Dan Bakker figures he’s set a record by attending 17 Olympic games — winter and summer — without seeing a single sporting event.
The Branson, Mo., resident says he’s too busy collecting and trading pins during the games to watch the games. For Bakker and others devotees, acquiring and swapping pins is an Olympic sport in itself that takes dedication, focus and a keen eye for that ever-elusive rare gem.
“It’s the hunt, and it ain’t easy.” Bakker said as he left his morning shift outside the Sochi Main Press Center for a Thursday afternoon of swapping at Olympic Park. “There’s a lot of haggling going on. Everybody wants to trade up because all pins aren’t created equal.”
And some pins aren’t created enough of to meet demand. Sochi Olympic organizers have been getting an earful from pin collectors who’ve complained of not being able to find official pins at Olympic venues or local stores.
When asked about the shortage, Sochi 2014 spokeswoman Alexandra Kosterina told reporters Wednesday that “I don’t have enough for everyone, sorry, but I brought some just in case.”
She said she didn’t know what caused a delay in getting enough pins to stores and sites but received assurances that the situation is being corrected.
“I asked them to make sure the pins are always there because that’s definitely the most popular artifact of the games,” Kosterina said. “So, yes, we asked them to ensure they are always there.”
At the Olympics, political conventions and other large events, pins often serve as currency of the realm. A coveted pin can grease the skids for hard-to-get event tickets, secure a good table at a restaurant, or serve as a simple goodwill gesture to make a local happy.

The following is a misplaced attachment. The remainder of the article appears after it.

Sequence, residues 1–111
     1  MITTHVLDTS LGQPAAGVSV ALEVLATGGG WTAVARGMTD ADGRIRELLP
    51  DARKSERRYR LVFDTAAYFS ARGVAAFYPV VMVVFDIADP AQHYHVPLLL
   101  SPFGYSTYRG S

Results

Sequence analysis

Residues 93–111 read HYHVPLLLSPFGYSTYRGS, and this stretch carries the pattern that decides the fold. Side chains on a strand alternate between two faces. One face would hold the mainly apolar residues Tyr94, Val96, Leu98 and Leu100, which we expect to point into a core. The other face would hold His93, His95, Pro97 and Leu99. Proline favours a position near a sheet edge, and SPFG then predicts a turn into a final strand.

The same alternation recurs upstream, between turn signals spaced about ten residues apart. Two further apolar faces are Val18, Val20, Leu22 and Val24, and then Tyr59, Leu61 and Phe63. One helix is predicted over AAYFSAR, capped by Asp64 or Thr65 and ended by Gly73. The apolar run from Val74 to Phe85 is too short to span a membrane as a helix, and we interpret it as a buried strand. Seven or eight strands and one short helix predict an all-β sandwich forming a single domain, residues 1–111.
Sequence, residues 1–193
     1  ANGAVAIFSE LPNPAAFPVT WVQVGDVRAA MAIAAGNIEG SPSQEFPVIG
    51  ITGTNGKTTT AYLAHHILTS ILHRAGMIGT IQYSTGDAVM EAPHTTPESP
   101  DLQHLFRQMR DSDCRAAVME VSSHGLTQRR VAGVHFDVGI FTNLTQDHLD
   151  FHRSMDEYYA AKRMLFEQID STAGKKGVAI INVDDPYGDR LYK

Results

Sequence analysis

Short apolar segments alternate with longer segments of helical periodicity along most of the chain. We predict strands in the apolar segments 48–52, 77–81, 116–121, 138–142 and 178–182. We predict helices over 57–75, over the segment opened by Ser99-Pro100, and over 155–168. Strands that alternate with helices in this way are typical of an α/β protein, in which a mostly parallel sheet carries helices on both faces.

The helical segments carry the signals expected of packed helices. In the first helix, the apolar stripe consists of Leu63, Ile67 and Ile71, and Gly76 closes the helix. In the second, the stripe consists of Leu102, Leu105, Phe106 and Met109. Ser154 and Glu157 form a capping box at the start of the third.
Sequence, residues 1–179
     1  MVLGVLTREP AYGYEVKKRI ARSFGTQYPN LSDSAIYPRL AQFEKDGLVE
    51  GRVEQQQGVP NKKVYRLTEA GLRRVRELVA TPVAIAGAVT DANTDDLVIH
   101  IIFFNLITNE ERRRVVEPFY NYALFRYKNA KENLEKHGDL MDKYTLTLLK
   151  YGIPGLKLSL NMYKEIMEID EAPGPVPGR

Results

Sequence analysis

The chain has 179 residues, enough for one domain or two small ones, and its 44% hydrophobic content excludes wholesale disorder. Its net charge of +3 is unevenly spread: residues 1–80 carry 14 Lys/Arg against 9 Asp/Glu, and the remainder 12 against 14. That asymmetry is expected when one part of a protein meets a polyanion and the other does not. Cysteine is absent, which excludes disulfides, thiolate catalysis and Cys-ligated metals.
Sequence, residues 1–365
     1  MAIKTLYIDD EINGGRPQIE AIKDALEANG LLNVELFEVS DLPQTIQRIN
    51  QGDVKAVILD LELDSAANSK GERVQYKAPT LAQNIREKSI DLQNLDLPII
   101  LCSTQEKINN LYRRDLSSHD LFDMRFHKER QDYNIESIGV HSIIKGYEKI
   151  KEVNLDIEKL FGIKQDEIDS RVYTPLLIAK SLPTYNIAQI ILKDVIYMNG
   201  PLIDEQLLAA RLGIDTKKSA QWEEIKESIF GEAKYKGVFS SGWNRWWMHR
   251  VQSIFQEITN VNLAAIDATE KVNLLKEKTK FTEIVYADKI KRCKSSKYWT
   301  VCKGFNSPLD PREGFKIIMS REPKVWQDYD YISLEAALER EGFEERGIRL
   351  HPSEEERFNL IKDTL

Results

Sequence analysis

Bakker, 63, said one of the hottest pins in Sochi is NBC’s blue Faberge Egg-shaped pin with the network’s peacock logo on it. It’s in such demand that he was able to swap one of his for 20 pins in return. One was selling on eBay Thursday afternoon for $103.00 with 23 bids.
Media pins are generally among the most sought after, he said, but other corporate or Olympic-affiliated pins are good, too.
“Even a store-bought pin, if you can find them, are $10, and you can’t find them,’ he said. “It seems like there’s a much-bigger demand than a supply.”
Bakker said he met and traded pins with Russian Olympics officials during the 2010 Winter Games in Vancouver and asked them what the pin situation in Sochi would be like.
“They saw the pin frenzy — there was a frenzy in Vancouver, there was a frenzy in London,” he said. “There must have been a billion pins for Moscow (1980 Summer Games). There were sheets, and sheets, and sheets. There must have been 10,000 different pins. Why could they make them in 1980 and they can’t make them now?”
Federico Garcia, a pin collector and trader from Madrid, was standing outside the Olympic Village train station Thursday displaying some of the 40,000 pins he’s accumulated since the 1992 Summer Games in Barcelona and lamenting what he sees as a paucity of pins in Sochi.
In addition to too few official Sochi pins, some companies seemed to pass on having pins made, a reflection of today’s corporate cost-cutting reality.
“There aren’t that many different ones,” he said. “I also think that the problem is other parts of the Olympics are very far. The Olympic Park is far from the media center and the Olympic Village.”
But that hasn’t deterred Bakker from trying. He stumbled into pin collecting in Lake Placid in 1980. He was poker with an Olympic merchandise wholesaler who wound up owing him money but had little cash.
“So he gave me some Olympic merchandise, including pins,” he said. “I made a deal with a restaurant across from the hockey arena for a little space so I could sell. I was selling pins and people came up and wanted to trade. I didn’t have a lot of money in them, so I’d trade. Then I had a whole bunch of pins left over and people would try to buy the pins I traded for more than the pins I was selling.”
Bakker says he doesn’t think much about traveling thousands of miles to the Olympics and not taking in a sporting event or two.
He does, however, recall passing on tickets in 1980 for what turned out to be the “Miracle on Ice” game in which the U.S. hockey team won an improbable and historic gold medal.
“If I had that ticket stub I probably could retire,” he said.